All the alterna-brats were out in force. There weren't so many punks. The punk thing is pretty much over with in New York. There weren't even that many people wearing boots even. Perhaps it was the hot weather, but the fashion climate perhaps had also changed. There were a rather large number of goths, and they all took their goth thing most seriously. They all had fishnets and used white face paint, even the boys.
While Matthew did other things, Deya and I sat on some steps and drank some vodkatea we'd brought with us. We didn't notice until we were leaving that the steps went up to a drug/alcohol rehabilitation center and had been clearly marked "no drugs/no alcohol." But to any observer, we looked as though we were drinking tea!
Deya and I are in agreement that we hate being around Matthew when he's on heroin. He looks horrible and insane, he acts like an overly unctious creep, and he talks and badgers too much.
Late at night while the rest of us slept, Matthew, Diana, and perhaps Leah went driving around New York with Diana's brother in his Dodge Dart Swinger.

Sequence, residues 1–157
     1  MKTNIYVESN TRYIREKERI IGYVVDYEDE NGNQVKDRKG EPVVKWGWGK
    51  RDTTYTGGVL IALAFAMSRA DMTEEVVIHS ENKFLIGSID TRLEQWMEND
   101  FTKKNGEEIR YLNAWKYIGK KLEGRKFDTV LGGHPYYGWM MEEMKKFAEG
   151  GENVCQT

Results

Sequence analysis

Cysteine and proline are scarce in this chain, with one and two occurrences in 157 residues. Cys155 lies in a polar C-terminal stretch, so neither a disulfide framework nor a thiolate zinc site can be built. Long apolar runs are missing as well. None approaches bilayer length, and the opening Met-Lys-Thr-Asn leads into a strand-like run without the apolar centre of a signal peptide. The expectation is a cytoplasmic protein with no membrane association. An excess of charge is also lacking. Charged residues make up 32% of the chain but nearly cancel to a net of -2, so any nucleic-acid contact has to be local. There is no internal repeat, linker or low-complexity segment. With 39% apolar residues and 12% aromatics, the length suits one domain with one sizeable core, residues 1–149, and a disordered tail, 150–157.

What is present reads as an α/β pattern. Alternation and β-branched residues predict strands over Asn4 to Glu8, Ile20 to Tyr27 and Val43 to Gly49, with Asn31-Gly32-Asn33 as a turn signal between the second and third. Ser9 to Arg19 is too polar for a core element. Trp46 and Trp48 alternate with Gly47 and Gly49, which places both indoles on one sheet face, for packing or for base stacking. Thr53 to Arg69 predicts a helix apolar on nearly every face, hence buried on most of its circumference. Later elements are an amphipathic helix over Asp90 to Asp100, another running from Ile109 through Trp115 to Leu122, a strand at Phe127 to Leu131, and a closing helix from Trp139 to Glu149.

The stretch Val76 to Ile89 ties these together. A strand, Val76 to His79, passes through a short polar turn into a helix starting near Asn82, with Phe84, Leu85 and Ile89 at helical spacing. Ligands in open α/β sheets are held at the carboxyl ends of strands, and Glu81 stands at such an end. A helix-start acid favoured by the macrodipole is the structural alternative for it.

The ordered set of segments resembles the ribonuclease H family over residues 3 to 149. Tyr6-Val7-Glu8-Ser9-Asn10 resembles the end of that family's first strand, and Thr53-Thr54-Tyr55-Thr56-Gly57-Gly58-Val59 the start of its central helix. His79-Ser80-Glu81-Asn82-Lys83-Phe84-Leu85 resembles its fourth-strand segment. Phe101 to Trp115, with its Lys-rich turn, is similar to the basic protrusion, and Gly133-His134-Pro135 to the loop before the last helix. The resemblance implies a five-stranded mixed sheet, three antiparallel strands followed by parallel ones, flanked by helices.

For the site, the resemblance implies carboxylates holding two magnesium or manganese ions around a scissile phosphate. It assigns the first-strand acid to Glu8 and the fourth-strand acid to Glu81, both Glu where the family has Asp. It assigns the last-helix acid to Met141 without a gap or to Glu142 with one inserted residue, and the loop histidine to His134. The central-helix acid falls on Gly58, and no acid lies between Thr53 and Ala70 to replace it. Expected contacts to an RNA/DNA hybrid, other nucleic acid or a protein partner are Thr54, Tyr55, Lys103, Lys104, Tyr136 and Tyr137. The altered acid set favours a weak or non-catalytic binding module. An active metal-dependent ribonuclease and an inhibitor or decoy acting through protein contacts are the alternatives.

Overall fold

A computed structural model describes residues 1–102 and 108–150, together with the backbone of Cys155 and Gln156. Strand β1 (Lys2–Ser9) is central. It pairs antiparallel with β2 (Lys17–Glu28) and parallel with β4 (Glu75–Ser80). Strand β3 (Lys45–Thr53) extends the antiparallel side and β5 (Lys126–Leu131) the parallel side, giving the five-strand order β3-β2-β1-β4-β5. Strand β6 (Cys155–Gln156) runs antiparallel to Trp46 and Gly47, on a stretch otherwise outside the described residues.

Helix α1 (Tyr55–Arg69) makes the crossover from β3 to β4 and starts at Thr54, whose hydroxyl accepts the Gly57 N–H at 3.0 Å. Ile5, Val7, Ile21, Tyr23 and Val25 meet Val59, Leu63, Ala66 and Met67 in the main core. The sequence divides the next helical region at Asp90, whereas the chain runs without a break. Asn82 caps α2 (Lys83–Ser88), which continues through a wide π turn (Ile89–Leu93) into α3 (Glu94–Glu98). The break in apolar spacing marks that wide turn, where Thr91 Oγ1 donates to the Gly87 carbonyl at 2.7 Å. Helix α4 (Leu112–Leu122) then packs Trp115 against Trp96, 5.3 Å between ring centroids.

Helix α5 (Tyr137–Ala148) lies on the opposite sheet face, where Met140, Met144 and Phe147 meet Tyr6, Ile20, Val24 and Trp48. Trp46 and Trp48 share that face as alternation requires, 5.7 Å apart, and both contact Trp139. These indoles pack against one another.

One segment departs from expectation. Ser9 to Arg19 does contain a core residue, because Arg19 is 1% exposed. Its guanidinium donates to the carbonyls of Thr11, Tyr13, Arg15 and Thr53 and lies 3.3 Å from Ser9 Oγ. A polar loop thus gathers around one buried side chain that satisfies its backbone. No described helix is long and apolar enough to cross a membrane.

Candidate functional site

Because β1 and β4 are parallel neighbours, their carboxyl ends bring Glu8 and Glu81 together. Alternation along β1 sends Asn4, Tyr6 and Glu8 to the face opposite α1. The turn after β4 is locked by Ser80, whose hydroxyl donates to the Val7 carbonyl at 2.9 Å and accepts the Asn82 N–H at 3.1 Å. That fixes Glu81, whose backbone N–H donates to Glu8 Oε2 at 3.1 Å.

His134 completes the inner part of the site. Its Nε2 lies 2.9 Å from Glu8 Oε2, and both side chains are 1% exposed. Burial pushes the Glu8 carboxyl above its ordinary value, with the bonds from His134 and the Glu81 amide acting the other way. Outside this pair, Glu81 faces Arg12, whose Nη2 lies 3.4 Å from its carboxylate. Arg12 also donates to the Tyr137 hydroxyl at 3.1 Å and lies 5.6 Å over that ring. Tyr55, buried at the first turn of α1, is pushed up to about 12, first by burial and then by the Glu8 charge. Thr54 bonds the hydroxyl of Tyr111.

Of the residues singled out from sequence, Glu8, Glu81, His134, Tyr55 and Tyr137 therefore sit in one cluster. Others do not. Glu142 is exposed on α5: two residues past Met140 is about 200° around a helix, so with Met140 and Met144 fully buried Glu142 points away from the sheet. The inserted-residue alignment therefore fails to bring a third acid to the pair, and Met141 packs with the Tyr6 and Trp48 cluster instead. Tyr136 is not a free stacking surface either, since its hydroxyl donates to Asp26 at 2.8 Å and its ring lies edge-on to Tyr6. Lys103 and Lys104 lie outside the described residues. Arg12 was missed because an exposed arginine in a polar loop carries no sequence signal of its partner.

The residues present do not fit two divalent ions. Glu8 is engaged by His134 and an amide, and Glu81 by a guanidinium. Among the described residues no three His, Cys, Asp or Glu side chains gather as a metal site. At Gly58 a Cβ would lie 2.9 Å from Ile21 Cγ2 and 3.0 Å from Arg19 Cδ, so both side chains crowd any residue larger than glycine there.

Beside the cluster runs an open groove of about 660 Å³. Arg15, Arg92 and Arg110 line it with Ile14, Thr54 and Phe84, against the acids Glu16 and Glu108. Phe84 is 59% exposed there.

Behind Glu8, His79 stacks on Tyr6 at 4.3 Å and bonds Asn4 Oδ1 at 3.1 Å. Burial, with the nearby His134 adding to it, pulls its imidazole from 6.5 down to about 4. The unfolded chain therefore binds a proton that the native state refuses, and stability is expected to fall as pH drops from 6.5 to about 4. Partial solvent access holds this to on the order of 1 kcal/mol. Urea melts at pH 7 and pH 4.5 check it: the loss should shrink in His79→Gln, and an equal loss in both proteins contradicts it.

Of course, New York is also very different from the easy-going Southern town in which I live. The people are so crowded together in New York that they behave in a way that to me seems European. They tolerate smells and noises I cannot stomach, they sit together in their diversity randomly crowded on the subway, having to tolerate each other by sheer necessity. They unflinchingly obey rules (red lights) that in Charlottesville can easily be ignored while ignoring rules (open containers in public) that in Charlottesville are unflinching obeyed. They have no tolerance for others taking advantage of the system at their expense or contributing to their problems, and so they unwitting find themselves obeying rules and behaving orderly in an apparent effort to satisfy karma. The proximity makes people behave more like a superorganism, like a hive of bees, despite their individually selfish motives.